Empirical support for these theories is mixed. McAdoo (1978) studied upwardly mobile black families. She found that both emotional and functional help were received and given. McAdoo found no difference between those born working class, who had moved up to middle class, and those born middle class. Furthermore, those studied ". . . continued their close interaction and help exchange pattern with kin before, during, and after mobility" (p. 775). Thus these families did not "move out to move up"; in fact, some families felt their upward mobility would not have been possible without help from kin. Taylor (1986), in a national study of blacks of varying income levels, found that income was positively correlated with receiving support from the extended family.

These findings appear to contradict those of Martin and Martin (1978), in their study of blacks in small town areas and Kansas City. They found that mutual aid keeps family members out of poverty, but that individuals may find it harder to rise to middle class because they may have to contribute to the family welfare instead of going to school. Martin and Martin also found, however, that middle class family members are expected to help kin. If middle class family members are not willing to share their resources, they become alienated from the family. Alienation can also come involuntarily, as middle class family members change their lifestyles. They may feel distant from family, although they wish to be close.

The different findings of McAdoo (1978) and Taylor (1986) compared with Martin and Martin (1978) may in part be due to different research methodologies. Both McAdoo and Taylor used structured surveys, which focused on exchange relationships which were intact, rather than those which were weakening. Martin and Martin's (1978) unstructured, in-depth approach allowed for more serendipitous findings. It appears that, although the exchange network is present in all social classes, conflicts may arise when some family members move into middle class, while others remain in lower socio-economic classes.

Proposition 2: The black extended family can be observed in all social classes. However, when different members belong to both middle and lower socioeconomic classes, some middle class households may become alienated.

Functions of the Black Extended Family

Scholars studying the black extended family network have suggested a network of mutual assistance, or exchange, between family members. Martin and Martin (1978) found two major functions of the black extended family: leadership and support. "Relatives depend on one another for emotional, social, and - most important - material support." Mindel (1980) found the black extended family help system included more functional forms of help than that of whites and Hispanics. Functional help "involved a variety of mutual aid and support" (p. 26), including advice and monetary support. Similarly, McAdoo (1978) found that both financial and emotional help was received from the family. The combination of material support and advice-giving leads us to:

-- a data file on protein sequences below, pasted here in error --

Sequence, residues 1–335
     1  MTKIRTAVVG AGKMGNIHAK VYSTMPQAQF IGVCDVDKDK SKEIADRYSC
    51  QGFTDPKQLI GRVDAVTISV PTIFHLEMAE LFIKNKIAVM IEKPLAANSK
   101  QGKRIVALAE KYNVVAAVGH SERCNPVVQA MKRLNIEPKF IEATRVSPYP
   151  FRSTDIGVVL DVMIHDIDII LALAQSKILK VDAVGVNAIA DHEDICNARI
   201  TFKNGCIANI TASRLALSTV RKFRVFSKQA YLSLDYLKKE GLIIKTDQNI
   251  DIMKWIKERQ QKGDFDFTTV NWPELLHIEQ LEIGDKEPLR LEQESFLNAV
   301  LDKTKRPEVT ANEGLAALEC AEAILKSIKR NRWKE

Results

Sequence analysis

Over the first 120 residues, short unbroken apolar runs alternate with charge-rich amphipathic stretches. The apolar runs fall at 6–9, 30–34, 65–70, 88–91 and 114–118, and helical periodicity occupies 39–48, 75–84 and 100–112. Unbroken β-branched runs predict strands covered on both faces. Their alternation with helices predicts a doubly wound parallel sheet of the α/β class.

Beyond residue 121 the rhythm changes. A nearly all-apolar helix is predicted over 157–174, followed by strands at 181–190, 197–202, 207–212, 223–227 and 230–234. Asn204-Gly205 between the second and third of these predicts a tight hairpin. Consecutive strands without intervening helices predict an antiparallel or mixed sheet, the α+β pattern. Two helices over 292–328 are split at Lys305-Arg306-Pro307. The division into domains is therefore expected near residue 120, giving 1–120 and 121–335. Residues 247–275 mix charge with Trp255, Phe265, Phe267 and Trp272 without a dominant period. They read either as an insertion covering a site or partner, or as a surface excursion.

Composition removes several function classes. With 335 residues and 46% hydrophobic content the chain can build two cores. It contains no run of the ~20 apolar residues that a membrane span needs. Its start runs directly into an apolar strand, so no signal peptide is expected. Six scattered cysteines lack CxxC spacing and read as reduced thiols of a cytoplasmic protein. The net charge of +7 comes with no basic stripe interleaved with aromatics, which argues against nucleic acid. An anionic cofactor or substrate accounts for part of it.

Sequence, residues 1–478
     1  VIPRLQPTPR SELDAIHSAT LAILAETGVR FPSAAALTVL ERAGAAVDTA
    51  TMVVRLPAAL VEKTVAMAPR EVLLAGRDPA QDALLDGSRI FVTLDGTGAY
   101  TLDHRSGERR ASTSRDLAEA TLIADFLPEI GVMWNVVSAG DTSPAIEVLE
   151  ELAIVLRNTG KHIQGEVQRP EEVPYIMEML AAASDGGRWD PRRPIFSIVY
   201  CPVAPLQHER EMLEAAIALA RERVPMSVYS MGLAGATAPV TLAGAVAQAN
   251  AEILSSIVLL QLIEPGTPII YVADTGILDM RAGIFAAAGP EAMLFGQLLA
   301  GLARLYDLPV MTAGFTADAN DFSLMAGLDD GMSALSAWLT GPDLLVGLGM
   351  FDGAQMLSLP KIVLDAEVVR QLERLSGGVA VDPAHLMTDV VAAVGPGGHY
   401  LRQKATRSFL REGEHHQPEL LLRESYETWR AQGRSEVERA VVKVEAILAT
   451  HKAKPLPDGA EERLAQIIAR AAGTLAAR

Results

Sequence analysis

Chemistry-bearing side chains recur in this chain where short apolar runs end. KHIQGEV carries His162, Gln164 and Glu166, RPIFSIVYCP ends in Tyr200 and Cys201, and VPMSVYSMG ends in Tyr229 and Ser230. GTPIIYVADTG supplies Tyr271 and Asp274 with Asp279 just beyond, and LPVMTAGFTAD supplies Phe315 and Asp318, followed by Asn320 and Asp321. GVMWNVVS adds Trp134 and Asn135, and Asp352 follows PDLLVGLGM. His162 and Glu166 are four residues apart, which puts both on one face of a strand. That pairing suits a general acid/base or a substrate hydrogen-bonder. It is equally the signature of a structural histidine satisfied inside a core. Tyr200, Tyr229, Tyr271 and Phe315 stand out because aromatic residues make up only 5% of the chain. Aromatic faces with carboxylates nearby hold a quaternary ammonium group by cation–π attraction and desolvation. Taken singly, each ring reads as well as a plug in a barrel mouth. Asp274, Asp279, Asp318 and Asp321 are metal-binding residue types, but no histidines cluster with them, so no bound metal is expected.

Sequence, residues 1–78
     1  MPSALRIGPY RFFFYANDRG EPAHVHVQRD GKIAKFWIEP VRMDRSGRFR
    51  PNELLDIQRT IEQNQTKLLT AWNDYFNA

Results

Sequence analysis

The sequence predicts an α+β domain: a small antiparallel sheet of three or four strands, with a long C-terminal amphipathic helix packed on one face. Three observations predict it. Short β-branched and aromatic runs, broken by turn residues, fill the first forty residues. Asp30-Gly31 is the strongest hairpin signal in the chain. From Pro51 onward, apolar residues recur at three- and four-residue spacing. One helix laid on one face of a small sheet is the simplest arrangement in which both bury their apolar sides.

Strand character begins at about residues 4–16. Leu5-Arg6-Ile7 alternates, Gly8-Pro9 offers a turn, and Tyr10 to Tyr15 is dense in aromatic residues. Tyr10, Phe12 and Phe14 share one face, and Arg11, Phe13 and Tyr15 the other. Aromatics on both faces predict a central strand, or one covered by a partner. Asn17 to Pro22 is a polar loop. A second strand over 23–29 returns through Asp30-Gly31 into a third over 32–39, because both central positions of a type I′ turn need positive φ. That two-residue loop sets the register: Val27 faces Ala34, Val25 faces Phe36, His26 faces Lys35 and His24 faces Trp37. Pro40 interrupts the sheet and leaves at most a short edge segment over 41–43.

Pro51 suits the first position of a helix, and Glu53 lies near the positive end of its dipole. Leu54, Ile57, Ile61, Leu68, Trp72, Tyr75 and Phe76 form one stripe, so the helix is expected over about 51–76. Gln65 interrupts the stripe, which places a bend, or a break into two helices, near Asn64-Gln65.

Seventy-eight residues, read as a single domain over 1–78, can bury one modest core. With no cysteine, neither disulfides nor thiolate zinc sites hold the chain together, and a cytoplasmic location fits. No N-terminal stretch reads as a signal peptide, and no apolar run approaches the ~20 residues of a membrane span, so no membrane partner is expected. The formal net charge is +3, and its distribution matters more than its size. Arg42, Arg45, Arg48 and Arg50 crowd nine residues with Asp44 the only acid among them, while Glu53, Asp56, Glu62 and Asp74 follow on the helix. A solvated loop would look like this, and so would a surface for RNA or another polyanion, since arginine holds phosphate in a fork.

Proposition 3: The functions of the black extended family include a system of mutual social exchange, including financial support, help with consumption choice, and provision of consumer goods.

A few studies have examined whether the functions of black extended families differ by region of the country or by urban vs. rural residence. Regional differences do not appear to be significant. Aschenbrenner (1973), in her study of black extended families in Chicago, noted that "[s]everal of those who had been born in the South described family relationships and activities there which closely resembled those in Chicago" (p. 259). Taylor (1986), in a national study, also found no difference in receiving support from the extended family between regions in the United States. Nor did he find urban/rural differences. Martin and Martin (1978), however, found that urban blacks relied more on government aid and less on family than rural blacks. Because government aid can not be shared with other family members, the extended family network weakened.

Proposition 4: The black extended family network does not differ regionally.

Proposition 5: Extended family networks weaken when poor urban blacks receive government aid which cannot be shared with kin.

Structure of and Interactions within the Black Extended Family

Social exchange functions within the black extended family take place on two levels: group and individual. On the group level, an individual family member may offer support to the family (through family mechanisms described below) or individual family members. In turn, the individual expects to be helped by the family, rather than by the individual who received their support. On the individual exchange level, a family member offering support to another member expects the recipient to be obligated to return something of value at a later date. Unfortunately, research on exchanges within black extended families often ask respondents about giving and receiving from "family members" (McAdoo 1978,1980; Mindel 1980; Taylor 1986). While these studies offer valuable information about some aspects of black extended family structure and behavior, they do not differentiate between exchange with the family vs. exchange between individuals within the family. Other studies do differentiate between individual vs. group exchange.